DaHarder flat out wanted a Kindle Fire.

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post #14 of 107

Estimates of tablet market share vary so wildly, (and vary even day to day from the same sources), that it's really not worth reporting these stories except as "guestimates." 

 

There's a good argument here that Android's share might be as low as 8 or 10 percent. 

 

I've read a lot of arguments about tablet share and all you can really say is iPad's share is "huge," or "dominating."  

 

IMO based on all the reading I've done, iPad has always had roughly 80% of the tablet market except in the first year when it had 90-95%

post #15 of 107
Quote:
Originally Posted by MattBookAir View Post

Yeah, Kindle did well for Xmas, since it's appealing as a gift (cheap, but a recognizable brand). But people who want a tablet for themselves, want - and are prepared to pay for - an iPad. Amazon may pull it off again this Xmas, with a larger screen model, but I don't think it'll have the same effect and it'll be splitting the "non-iPad" market with google this time. Apple with dominate while cheap android tablets fight each other for table scraps.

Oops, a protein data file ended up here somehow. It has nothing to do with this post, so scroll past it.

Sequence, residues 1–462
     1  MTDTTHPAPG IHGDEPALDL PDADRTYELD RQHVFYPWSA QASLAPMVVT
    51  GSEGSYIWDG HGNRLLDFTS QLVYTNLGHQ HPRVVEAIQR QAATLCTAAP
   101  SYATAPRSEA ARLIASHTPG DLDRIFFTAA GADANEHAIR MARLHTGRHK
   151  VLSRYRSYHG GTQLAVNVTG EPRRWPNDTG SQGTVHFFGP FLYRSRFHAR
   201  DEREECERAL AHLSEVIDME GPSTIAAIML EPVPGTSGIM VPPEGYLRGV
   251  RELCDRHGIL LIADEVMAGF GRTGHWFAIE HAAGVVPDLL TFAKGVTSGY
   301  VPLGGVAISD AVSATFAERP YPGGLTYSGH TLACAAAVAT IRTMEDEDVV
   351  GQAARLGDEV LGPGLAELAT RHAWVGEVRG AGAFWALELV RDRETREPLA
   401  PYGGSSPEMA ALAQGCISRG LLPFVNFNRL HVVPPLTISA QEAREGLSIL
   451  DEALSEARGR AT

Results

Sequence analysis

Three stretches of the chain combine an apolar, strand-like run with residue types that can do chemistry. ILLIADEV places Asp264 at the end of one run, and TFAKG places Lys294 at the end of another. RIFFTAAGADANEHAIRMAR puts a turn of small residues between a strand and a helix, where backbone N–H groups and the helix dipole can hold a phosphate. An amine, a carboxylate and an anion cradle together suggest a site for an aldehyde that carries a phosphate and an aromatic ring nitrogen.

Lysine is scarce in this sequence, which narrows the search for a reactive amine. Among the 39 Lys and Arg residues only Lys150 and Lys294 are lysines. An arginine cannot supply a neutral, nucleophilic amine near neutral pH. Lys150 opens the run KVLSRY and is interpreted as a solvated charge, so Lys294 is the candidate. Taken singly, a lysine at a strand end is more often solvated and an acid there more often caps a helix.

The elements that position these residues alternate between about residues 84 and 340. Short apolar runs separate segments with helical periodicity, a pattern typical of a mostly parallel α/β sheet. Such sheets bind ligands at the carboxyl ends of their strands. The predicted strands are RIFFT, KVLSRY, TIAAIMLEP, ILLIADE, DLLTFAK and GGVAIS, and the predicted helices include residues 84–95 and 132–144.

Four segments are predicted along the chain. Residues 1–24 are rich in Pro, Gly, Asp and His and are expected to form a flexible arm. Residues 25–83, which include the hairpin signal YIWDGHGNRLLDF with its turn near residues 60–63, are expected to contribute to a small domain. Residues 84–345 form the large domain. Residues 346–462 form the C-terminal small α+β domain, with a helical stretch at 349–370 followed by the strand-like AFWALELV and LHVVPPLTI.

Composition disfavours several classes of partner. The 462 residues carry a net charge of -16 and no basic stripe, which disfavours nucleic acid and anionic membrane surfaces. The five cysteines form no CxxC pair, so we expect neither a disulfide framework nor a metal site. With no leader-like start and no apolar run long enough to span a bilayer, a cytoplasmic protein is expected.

Don't forget... Apple will have its 7" model out for the holidays.

 

 

 

 

 

j/k

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post #16 of 107

A new novel coming from Amazon: The Race of the Bottom Feeders.

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post #17 of 107
Quote:
Originally Posted by GTR View Post

And I'd love to know the return rates on Android devices too...

 

 

Galaxy Tab return rate as high as 16%, researcher says

 

Some speculate many returns are due to Froyo's inability to fully run Android apps on 7-inch screen

 

February 1, 2011 05:47 PM ET
 
 
 
 
 

 

Computerworld - Since Samsung's Galaxy Tab tablet debuted in the U.S. in November, return rates have been as high as 16%, said ITG Investment Research, which tracked sales at nearly 6,000 wireless stores.

By comparison, the return rate of the larger iPad from Verizon Wireless stores has been at 2% since Verizon put it on sale in November. All four major carriers sell the iPad device, but return rates for others were not available.

ITG analysts did not explain possible reasons for the high Galaxy return rate, and Galaxy officials could not be reached to comment.

Some bloggers have speculated the returns could be related to the Galaxy Tab's running of the Froyo version of Android.

Samsung acknowledged to Computerworld in September that some Android apps would not run at full 1024 x 600 resolution on the 7-inch screen on the Froyo-based Galaxy Tab. Officials said those apps would instead be framed in the display at 800 x 400.